You ever thought about who owns that fly piece of tattoo art you just had inked onto your body? It’s indelibly etched into your skin so… you own it, right? Uh…not so fast.
Copyright protection in the U.S. for an original artistic work springs into existence the moment it is created and fixed in a tangible medium of expression. That means unless you drew the artwork you’re having tattooed onto your body; you don’t own it. That is unless you commissioned the art and you have a written agreement signed by the artist which states that the art belongs to you. That usually doesn’t happen. More typically, the tattoo artist draws a sketch onto a piece of paper then etches it onto the customer’s skin without any discussion of ownership. Before your next tattoo session, you may want to have a conversation with the artist regarding ownership, licensing, etc.
This came to mind because related issues were addressed in a recently decided federal lawsuit; Solid Oak Sketches, LLC v. 2K Games, Inc et al. Have you noticed how lifelike the NBA players in video games appear? Everything is duplicated from facial expressions to mannerisms and yes even tattoos. This presented a problem for Solid Oak Sketches, LLC. The company filed a copyright infringement lawsuit against 2K Games, Inc. and Take-Two Interactive Software for the use of copyrighted tattoos on the persons of LeBron James, Kenyon Martin and Eric Bledsoe in the NBA 2K series of videogames. Solid Oak had an exclusive license to each tattoo. The interesting twist is that the players had given their right to license their likeness to the NBA, and the NBA granted this license to Take-Two. Notwithstanding, Solid Oak argued that the NBA violated their exclusive right to the underlying tattoos on the players and therefore infringed their copyright by using them in the game without a license.
So, who wins? Well, the court decided for a number of reasons that there was no copyright infringement. The first reason relates to how much the tattoos are actually seen during gameplay. During average play, the NBA stars at issue are not usually featured in such a way where the tattoos are shown in great detail. These players make up only three of over 400 available players in the game. Further, when the three players appear in gameplay the tattoos appear indistinct and they are obscured by the players’ quick movements.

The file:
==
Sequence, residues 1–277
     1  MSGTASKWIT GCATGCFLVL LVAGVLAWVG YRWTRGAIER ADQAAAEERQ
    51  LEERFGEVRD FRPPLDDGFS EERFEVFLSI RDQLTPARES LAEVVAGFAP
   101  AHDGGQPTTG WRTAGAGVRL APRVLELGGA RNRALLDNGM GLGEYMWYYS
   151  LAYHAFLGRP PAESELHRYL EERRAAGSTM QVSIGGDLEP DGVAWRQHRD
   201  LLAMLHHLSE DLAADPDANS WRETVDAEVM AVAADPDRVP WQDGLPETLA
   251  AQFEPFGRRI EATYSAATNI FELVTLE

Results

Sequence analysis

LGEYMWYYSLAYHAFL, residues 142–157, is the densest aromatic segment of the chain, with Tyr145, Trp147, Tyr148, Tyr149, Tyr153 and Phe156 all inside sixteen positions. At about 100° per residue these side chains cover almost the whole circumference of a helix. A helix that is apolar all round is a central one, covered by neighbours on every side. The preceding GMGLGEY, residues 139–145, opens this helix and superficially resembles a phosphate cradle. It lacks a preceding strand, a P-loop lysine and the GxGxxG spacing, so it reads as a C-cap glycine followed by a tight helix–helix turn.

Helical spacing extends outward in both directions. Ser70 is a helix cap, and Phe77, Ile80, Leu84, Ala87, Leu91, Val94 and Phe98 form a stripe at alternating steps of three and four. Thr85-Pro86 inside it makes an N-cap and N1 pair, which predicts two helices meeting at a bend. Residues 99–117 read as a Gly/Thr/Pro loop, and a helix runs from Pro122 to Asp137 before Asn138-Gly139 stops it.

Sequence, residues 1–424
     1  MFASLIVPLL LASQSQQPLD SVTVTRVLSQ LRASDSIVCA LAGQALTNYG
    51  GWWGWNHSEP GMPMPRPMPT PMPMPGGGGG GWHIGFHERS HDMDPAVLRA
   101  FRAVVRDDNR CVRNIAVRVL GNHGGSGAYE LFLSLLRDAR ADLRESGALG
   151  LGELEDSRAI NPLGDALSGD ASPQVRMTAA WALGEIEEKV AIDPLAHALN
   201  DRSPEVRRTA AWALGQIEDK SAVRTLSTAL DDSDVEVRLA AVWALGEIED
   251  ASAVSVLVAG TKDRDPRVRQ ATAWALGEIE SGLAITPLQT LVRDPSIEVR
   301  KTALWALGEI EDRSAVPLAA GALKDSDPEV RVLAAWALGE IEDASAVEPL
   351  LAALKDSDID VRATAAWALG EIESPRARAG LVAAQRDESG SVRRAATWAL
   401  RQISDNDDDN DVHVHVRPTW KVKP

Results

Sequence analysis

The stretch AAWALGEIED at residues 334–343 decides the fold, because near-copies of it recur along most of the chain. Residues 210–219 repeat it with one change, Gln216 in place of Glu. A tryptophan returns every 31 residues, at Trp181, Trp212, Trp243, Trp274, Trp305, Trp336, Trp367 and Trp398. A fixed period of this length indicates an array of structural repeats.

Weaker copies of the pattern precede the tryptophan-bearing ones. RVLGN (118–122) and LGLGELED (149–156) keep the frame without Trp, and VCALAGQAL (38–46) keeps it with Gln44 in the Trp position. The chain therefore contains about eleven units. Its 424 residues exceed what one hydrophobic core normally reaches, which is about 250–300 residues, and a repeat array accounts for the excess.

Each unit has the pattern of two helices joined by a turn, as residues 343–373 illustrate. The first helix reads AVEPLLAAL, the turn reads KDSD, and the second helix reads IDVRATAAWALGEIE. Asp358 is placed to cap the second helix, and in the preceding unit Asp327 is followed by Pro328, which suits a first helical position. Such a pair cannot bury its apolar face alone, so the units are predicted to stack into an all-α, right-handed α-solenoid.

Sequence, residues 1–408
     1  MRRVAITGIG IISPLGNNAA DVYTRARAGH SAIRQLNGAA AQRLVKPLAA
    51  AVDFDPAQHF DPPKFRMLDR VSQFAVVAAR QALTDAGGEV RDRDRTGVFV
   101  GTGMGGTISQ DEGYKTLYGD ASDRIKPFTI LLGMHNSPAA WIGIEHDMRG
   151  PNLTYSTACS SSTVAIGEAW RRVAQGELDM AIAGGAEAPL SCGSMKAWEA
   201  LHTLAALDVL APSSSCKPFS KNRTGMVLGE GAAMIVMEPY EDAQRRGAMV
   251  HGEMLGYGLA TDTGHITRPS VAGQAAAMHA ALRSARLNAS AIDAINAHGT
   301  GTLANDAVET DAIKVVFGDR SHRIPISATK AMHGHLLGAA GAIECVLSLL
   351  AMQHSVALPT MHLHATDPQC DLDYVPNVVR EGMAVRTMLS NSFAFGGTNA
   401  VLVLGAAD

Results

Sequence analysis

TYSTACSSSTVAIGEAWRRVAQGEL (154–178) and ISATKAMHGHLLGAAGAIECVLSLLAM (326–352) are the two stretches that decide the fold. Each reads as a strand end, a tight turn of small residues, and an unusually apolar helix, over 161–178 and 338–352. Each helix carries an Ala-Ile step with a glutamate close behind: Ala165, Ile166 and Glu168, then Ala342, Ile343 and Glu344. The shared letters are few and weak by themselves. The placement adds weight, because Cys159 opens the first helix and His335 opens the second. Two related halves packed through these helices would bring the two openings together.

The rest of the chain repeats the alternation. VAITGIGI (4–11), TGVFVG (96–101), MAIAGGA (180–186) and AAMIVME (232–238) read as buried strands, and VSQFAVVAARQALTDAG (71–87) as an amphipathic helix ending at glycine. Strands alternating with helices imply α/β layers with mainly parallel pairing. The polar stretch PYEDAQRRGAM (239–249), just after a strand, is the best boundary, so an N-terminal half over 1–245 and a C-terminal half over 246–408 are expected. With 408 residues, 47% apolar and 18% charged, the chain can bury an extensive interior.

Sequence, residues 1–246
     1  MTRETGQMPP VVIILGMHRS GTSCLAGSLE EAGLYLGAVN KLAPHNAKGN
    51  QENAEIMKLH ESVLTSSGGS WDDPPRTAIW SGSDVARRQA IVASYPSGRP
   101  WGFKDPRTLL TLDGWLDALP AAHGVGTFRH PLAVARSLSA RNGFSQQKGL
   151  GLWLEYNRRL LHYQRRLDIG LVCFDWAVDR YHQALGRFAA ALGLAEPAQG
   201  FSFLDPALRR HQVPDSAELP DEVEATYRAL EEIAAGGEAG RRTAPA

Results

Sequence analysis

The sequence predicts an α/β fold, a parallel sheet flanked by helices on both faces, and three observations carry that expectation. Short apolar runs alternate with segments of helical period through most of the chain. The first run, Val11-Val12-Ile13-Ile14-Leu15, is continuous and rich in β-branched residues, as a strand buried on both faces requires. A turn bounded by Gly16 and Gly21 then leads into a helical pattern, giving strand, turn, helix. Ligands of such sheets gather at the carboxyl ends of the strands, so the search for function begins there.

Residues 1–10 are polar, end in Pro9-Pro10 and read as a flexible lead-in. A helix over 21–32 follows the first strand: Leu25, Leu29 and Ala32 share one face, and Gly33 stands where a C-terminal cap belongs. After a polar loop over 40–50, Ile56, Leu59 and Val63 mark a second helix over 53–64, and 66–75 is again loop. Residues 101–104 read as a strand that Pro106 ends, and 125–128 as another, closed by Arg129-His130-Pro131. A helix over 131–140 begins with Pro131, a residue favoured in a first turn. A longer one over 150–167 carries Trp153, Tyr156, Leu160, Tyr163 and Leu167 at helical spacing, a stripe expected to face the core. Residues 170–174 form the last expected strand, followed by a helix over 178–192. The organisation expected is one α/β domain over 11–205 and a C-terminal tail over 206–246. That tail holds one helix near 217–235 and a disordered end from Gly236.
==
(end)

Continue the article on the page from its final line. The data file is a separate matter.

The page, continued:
Second, there is the issued of implied license. Take-Two had what’s known as an implied license to use the tattoos as part of the players’ likeness. You see the tattoo artists had granted the players permission to use the tattoos as part of their likeness prior to granting any rights in the tattoos to Solid Oak. When the tattoo artists performed their services (created art at the players’ request and inked the players skin with the art) the artists intended the players to copy and distribute the tattoos as elements of their likeness knowing full well the players were likely to appear in public, on television, and other forms of media. The court held that because of that implied license and the fact that Take-Two had been granted a license to use the players’ likeness in the NBA 2K games, there was no copyright infringement.
In addition, there was the issue of the fair use defense. The tattoos shown in the video game were ostensibly only there to accurately depict what the players actually look like. Further, the tattoos are seen infrequently during gameplay and comprise only a small fraction of the overall makeup of the game. The court also found that that Take-Two’s use was not likely to have an adverse impact on the overall market for the tattoos. Accordingly, the court held the fair use defense applied and therefore there was no copyright infringement liability.
The court’s analysis may prove instructive for future cases. What about situations where a photographer sells prints of a model who has original art tattooed on her or his body? If the tattoo is prominently featured in the photo, might there be potential copyright liability? How far does the implied license extend? Even outside of the context of tattoos, what if you took a picture of street art and then wanted to place the picture on handbags you intend to sell? Things that make you go “hmm.” Consider consulting intellectual property counsel for answers beforehand.
©2020 Albert F. Davis, Esq.
This law update is intended for general information purposes only. One should not consider the update legal advice or legal opinions relating to any specific facts or circumstances. An attorney-client relationship is not created by reading this update. Please feel free to contact A.F. DAVIS LAW for further information.